Growing up alone: Girls on film at Toronto festival

Thu Sep 17, 2009 5:22pm EDT
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By Frank McGurty

TORONTO (Reuters) - Three hard-edged movies about young women screening this week at the Toronto film festival depart from Hollywood formulas by avoiding sentimental or romantic cliches that often define movies about teenagers.

The films, which range from a small-budget debut from a Newfoundland director to the directorial debut of British actress Samantha Morton, tell stories of abused or abandoned girls struggling to come to terms with their traumatic pasts.

While there is some lightness and hope in them, the emotions behind these movies are raw and sometimes harrowing. They are far removed from the safety of the industry mainstream dominated by stories about young love or teen angst. As is often the case with Toronto International Film festival fare, they will likely play in art house theaters this coming year.

"Crackie" from director Sherry White, "Precious" by Lee Daniels and "The Unloved" by Morton are about breaking the silence of family secrets and bringing a voice to unlikely heroines. Ultimately they are about empowering silenced girls.

"There are those people who don't have a voice, who don't seem to have anything to say," White said in an interview, explaining why she wanted to tell her protagonist's story. "But it's just that no one is listening."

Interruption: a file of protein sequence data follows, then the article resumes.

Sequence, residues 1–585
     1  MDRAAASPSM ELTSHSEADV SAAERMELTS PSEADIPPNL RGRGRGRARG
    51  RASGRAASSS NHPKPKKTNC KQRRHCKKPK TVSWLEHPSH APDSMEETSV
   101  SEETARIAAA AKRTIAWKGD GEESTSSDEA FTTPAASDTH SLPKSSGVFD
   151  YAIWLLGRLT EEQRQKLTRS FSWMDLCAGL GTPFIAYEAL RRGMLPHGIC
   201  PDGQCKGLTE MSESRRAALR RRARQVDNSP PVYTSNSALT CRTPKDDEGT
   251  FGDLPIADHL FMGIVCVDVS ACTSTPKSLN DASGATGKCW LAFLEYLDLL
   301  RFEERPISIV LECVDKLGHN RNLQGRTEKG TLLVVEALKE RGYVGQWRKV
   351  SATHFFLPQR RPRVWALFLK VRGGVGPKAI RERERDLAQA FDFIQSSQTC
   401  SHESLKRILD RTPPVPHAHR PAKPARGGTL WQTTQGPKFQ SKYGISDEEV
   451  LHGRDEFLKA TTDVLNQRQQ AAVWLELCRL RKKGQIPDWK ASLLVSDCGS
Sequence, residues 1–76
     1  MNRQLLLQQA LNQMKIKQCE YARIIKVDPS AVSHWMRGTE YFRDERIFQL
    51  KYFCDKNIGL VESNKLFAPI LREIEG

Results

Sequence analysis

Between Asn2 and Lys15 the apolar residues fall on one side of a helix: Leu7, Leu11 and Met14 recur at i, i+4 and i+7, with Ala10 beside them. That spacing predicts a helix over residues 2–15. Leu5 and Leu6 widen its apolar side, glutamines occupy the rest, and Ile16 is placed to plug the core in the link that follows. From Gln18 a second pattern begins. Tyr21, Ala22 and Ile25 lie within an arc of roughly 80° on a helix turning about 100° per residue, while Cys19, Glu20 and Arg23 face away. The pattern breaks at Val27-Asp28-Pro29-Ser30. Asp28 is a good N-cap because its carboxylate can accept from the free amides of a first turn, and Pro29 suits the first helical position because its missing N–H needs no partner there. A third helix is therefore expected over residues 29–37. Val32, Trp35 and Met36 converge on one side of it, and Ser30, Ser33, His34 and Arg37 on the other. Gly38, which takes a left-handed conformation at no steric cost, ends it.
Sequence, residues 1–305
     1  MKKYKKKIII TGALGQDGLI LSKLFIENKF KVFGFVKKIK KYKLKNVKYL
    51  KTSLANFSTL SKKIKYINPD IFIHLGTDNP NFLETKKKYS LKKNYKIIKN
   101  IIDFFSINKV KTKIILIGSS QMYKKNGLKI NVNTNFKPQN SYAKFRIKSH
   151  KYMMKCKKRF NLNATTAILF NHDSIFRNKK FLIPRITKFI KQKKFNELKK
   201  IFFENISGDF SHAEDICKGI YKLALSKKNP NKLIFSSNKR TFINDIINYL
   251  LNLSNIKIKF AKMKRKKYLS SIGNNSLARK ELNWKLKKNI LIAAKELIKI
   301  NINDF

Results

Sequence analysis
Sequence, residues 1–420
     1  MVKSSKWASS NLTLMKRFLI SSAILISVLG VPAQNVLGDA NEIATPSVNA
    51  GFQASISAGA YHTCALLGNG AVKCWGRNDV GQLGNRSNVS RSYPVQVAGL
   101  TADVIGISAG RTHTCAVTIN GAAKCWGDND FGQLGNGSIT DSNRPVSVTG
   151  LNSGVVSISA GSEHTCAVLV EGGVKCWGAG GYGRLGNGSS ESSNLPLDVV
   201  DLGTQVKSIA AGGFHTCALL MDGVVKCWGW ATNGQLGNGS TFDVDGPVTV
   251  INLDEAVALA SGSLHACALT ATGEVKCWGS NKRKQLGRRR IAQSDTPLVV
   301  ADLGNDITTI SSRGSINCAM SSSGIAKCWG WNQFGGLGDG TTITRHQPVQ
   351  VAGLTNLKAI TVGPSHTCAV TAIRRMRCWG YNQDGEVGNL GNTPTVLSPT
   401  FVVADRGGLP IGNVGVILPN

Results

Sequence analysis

White's first feature, "Crackie," was shot in Newfoundland, the remote Canadian island where she was born and raised. But there are no quaint harbor scenes here to detract from a story about a young woman's quiet desperation.

Mitsy (Meghan Greeley) is a dowdy girl who dreams of reuniting with the mother who walked out on her long ago and headed west. To compensate for her longings, Mitsy befriends a little dog, or "crackie" in the local parlance, but the mutt won't accept her affection.

Mitsy lives with her grandmother, Bride (Mary Walsh), a tough lady who salvages items from the village dump and entertains men to make ends meet. When the prodigal mom turns up at their door one day, Bride sends her packing in an emotionally-charged scene that reveals the crux of the story.   Continued...

<p>Actress Gabourey Sidibe arrives at the "Precious" film screening during the 34th Toronto International Film Festival, September 13, 2009. REUTERS/Mark Blinch</p>